For those who are new here, Team Choice is where each member of the team picks their favourite item within a chosen subject (brands, podcasts, apps etc). With a brand refresh on the horizon, we’ve been focusing a lot recently on what makes us, us. So for this Team Choice, we’ve chosen a subject that plays a profound role in shaping who we are. Music.
Ah, music! It connects us with the world around us and the way we feel about it, it gives us a means to express ourselves and helps us through life’s good times and bad. It’s a motivator and a therapist. It’s new beginnings and nostalgia.
But what about the artwork that sits alongside our favourite albums? Do the visuals do justice to the music? Do they tell a story? Do they add meaning or just look good?
Presenting our favourite album covers…
EZRAThe artwork for 808s & Heartbreaks deals mostly with what the title implies. It features a deflated heart made from a balloon. The texture of the balloon really adds to the emotion that Kanye is trying to put across. Using high contrast between the heart and the background colour really make the subject matter stand out, whilst the minimalist sans serif had been used as a subtle addition not to take away from the message. The colours on the left side of the album nod to Kanye’s previous album, Graduation, which I think is a really nice addition. Overall, the artwork takes a minimalistic approach which ties in with the feel of the album.
CHELSIEThis cover is beautiful - I love the contrast between the natural and the digital. It’s delicate and soft but loud and disruptive at the same time.
GARETHI love this one, it’s nice and simple and the colours have a celestial, out of this word vibe.
ALICEThe artist is both a musician and graphic designer, so his design and music work in partnership. I love the clean, simplistic feel to the design. The eight tracks are represented by eight different bars across the circle, which, through their colours, resemble a kind-of sunrise/sunset. There is no text or title included on the cover – just a small symbol made of dots. The artist himself said he felt typefaces are ‘loaded with meaning; they imply a time period’. The lack of information means the viewer has to recognise the album by colour and emotion rather than a name.
EMILYThis is one of the most powerful and important albums of all time (IMHO!), so the artwork has to connect with the music on another level. To me, it does so perfectly. The old school desk plays on the title of the album, whilst the textures and rawness reflect Lauryn Hill’s unique vocals. Most importantly, it embodies the powerful juxtapositions expressed in the album itself - between adolescence and adulthood, vulnerability and fearlessness, softness and strength, and simplicity and detail.
JAMESI have the same problem when I choose an ice cream - it’s almost impossible to pick an absolute favourite and since I find that the artwork is intrinsically linked to the music itself, it depends on my mood. With so many options to choose from I decided against the iconic classics of Pink Floyd’s - Wish you were here and Fleetwood Mack’s - Tango in the Night and picked Glass Animals - Zaba (Artwork by Boat Studio and Micah Lidberg) The artwork is deeply complex and created with a rich jungle-themed colour palette but is intriguing to study. I find that I notice something new within the illustrations every time I look at it. The typography contrasts beautifully with the background and contains tiny eyes within the letterforms which gives the impression of being watched from behind the jungle vines. The artworks seems to sum up the music perfectly and one wouldn’t be the same without the other.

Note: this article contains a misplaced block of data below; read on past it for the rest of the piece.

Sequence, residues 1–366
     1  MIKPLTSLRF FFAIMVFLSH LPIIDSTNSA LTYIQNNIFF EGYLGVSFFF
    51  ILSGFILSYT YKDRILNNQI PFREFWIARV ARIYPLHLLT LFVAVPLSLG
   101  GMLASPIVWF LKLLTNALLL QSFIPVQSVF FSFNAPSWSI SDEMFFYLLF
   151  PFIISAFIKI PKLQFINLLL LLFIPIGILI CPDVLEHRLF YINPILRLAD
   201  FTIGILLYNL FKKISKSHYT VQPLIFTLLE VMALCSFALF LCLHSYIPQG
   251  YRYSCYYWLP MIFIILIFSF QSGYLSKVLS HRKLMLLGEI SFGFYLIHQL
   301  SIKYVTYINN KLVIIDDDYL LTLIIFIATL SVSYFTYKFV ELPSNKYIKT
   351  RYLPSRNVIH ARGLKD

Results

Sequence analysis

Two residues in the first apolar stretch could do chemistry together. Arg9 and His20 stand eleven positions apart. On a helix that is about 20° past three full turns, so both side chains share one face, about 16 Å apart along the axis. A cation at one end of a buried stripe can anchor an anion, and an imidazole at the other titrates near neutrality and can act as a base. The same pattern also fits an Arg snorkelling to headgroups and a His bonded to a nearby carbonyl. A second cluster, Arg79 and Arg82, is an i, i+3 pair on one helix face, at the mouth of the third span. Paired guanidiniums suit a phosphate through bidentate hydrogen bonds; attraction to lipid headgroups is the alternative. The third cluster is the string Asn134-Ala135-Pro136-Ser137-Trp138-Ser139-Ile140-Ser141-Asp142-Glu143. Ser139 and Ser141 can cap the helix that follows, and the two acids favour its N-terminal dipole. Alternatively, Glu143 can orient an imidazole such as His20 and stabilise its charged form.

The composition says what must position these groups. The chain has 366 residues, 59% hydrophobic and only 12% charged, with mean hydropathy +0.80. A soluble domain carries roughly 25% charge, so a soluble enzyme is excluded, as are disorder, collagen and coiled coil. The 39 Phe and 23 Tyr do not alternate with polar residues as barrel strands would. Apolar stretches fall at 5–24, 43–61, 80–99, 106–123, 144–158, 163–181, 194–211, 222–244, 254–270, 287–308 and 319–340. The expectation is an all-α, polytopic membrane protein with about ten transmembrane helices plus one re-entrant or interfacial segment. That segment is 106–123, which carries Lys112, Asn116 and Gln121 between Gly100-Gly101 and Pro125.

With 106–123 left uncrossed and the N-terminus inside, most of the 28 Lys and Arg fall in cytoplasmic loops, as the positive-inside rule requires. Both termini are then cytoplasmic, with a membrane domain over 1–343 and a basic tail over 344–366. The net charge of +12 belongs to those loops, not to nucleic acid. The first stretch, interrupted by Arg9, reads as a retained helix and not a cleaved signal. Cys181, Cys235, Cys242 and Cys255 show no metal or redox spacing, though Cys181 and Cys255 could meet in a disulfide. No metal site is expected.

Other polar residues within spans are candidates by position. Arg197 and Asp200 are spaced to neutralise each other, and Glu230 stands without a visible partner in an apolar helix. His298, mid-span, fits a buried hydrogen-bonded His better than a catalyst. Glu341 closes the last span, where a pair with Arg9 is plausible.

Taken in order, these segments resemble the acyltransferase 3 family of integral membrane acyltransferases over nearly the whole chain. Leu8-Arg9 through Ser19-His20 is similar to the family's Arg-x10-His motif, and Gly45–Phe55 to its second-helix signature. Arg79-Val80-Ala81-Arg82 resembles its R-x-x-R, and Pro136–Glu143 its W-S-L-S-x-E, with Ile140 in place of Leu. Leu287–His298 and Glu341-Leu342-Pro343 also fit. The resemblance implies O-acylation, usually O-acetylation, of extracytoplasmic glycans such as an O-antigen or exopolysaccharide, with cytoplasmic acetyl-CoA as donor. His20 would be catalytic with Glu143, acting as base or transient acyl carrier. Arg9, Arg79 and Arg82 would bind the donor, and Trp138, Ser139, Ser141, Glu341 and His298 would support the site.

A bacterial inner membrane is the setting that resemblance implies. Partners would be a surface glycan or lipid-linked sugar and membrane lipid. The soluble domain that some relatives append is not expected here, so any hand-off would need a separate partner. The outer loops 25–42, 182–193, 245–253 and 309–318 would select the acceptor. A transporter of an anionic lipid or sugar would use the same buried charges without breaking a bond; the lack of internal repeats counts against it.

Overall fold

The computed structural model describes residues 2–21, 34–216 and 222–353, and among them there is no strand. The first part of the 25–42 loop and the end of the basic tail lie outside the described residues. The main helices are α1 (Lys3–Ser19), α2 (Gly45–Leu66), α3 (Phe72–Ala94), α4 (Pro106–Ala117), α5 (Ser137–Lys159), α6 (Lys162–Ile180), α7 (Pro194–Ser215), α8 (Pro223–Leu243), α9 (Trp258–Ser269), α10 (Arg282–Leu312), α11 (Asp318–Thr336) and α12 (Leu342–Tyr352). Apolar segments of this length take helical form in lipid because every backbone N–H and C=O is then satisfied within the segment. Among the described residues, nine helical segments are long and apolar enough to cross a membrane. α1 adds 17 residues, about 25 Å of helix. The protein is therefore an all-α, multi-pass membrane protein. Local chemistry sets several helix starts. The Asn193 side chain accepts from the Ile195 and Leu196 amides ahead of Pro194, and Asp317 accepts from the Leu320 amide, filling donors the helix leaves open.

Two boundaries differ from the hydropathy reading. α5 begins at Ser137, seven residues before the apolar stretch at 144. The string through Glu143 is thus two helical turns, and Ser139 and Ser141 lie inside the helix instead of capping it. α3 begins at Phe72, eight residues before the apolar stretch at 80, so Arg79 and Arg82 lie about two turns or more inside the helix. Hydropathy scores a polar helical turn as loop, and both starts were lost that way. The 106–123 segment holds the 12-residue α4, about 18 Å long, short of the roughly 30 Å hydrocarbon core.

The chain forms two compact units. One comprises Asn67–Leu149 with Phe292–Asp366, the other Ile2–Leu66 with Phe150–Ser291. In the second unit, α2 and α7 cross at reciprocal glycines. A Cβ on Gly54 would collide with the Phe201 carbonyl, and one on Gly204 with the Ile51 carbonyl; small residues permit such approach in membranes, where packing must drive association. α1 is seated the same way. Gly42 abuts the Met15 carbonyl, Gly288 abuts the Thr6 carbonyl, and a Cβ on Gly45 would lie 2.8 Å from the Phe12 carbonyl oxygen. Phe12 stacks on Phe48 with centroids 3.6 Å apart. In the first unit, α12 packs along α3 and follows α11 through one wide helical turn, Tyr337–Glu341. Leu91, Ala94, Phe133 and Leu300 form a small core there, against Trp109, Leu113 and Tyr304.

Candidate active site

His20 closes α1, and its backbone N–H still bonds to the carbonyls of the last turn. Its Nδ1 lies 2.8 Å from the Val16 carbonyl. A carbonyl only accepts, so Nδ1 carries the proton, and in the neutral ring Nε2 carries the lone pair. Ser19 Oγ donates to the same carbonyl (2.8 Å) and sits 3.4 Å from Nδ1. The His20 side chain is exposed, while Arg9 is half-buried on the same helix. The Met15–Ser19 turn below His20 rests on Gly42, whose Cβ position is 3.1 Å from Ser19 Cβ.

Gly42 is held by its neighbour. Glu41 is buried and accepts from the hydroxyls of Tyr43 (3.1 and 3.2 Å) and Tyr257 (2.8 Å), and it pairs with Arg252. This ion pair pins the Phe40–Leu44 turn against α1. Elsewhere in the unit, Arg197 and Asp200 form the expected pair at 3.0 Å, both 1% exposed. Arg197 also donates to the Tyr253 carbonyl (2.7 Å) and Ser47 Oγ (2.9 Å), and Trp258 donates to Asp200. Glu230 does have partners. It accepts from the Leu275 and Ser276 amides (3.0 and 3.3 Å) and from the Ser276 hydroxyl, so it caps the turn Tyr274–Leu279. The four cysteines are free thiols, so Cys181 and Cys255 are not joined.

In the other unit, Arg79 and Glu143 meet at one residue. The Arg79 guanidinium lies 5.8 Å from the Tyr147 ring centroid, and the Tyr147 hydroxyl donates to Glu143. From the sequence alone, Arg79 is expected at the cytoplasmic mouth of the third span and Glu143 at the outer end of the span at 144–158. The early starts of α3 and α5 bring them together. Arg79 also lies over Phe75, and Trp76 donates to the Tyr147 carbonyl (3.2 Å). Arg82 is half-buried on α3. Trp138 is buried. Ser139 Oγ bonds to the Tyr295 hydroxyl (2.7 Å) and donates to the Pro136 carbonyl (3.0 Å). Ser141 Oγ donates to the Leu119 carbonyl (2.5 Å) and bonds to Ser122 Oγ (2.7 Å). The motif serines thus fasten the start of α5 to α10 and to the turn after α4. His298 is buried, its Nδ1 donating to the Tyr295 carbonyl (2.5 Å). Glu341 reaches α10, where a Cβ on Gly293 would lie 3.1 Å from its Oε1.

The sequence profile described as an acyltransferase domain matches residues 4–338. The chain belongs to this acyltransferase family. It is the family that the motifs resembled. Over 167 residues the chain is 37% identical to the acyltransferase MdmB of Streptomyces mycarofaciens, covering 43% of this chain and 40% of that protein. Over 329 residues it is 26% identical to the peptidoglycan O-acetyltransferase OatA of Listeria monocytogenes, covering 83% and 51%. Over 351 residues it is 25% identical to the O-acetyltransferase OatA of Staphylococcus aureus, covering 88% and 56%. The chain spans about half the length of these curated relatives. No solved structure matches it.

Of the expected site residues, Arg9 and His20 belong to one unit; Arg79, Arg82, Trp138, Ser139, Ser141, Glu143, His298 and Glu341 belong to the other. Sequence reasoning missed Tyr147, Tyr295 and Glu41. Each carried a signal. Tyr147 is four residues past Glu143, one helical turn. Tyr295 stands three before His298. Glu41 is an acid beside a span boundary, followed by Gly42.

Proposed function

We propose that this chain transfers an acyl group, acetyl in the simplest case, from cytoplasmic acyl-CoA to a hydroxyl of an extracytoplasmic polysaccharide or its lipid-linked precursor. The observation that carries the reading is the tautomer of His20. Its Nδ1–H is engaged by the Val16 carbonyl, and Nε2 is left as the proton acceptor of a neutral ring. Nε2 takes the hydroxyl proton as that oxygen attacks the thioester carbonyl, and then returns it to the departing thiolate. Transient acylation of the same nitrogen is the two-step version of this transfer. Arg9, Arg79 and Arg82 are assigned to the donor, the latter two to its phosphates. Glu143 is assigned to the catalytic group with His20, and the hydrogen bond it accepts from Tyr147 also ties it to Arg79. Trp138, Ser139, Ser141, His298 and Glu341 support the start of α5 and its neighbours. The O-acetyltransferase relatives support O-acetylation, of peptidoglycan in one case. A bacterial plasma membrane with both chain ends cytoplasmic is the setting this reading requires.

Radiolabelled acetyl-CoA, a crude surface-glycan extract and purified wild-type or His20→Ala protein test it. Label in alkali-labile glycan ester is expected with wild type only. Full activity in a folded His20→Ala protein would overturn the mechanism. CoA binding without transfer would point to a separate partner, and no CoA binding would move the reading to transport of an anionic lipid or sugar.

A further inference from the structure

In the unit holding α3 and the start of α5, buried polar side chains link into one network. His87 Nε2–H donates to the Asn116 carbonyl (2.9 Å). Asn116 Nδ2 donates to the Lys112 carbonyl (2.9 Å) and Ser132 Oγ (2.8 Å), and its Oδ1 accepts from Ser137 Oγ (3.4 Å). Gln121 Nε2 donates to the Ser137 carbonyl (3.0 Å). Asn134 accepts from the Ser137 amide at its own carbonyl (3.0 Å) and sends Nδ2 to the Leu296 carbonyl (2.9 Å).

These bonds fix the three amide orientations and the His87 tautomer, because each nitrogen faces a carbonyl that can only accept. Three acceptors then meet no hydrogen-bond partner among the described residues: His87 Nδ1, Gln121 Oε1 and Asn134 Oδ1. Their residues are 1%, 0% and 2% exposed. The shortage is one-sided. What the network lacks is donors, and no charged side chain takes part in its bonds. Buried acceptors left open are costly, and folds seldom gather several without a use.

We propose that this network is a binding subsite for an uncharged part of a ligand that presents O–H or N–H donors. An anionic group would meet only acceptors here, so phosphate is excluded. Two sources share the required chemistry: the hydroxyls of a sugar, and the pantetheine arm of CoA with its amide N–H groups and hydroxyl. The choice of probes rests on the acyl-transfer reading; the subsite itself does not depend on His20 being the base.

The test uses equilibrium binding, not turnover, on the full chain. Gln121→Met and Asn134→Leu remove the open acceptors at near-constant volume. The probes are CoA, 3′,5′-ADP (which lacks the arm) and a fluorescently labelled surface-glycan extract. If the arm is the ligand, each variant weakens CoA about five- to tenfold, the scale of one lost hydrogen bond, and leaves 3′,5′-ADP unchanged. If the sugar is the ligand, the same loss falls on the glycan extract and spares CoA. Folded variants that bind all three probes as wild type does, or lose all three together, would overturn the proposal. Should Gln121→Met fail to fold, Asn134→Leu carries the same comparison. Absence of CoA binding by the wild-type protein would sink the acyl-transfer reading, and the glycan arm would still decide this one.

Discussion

ABIOkay it’s a bit obvious but, The Velvet Underground & Nico. The Warhol printed banana is so iconic in its own right that you instantly associate it with The Velvet Underground and that album without even having to see any printed text. It forms its own brand and persona, and it’s associations with Warhol’s artistic style speaks heavily for the band and the music within.
JOESo it's super solid to pick my favourite cover artwork. I've chosen Faithless: Reverence. The image tells a story and hints at an underlying complexity. It's dark, honest and literal and perfectly represents the music. But more importantly, for me, the music itself reminds of a time in my life and the beginnings of a love for edm.
SAMThis was a pretty difficult thing to choose, but I think I am settled with “The Afterman: Ascension” by Coheed and Cambria. With the lead singer of Coheed & Cambria, Claudio Sanchez, also being the writer of the comic book series “The Amory Wars” (which runs parallel to the Album’s songs), I feel like the art work pulls that comic book vibe across to its musical twin. The colours used, and the use of the abstract artwork, get across the genre of the songs in the album whilst also being extremely eye-catching. Overall, I just think it looks a bit great for a very awesome album. Also, I am a huge fan of album covers with no writing; the album is distinguished only by its unique artwork, which is what Coheed & Cambria have done here, too.